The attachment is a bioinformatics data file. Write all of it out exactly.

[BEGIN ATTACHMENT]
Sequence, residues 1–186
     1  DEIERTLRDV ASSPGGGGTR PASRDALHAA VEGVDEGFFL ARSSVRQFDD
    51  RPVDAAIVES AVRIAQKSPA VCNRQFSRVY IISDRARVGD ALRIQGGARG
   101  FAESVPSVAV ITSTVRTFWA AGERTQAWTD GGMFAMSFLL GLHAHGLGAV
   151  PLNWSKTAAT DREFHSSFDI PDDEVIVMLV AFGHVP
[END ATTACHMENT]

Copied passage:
Sequence, residues 1–186
     1  DEIERTLRDV ASSPGGGGTR PASRDALHAA VEGVDEGFFL ARSSVRQFDD
    51  RPVDAAIVES AVRIAQKSPA VCNRQFSRVY IISDRARVGD ALRIQGGARG
   101  FAESVPSVAV ITSTVRTFWA AGERTQAWTD GGMFAMSFLL GLHAHGLGAV
   151  PLNWSKTAAT DREFHSSFDI PDDEVIVMLV AFGHVP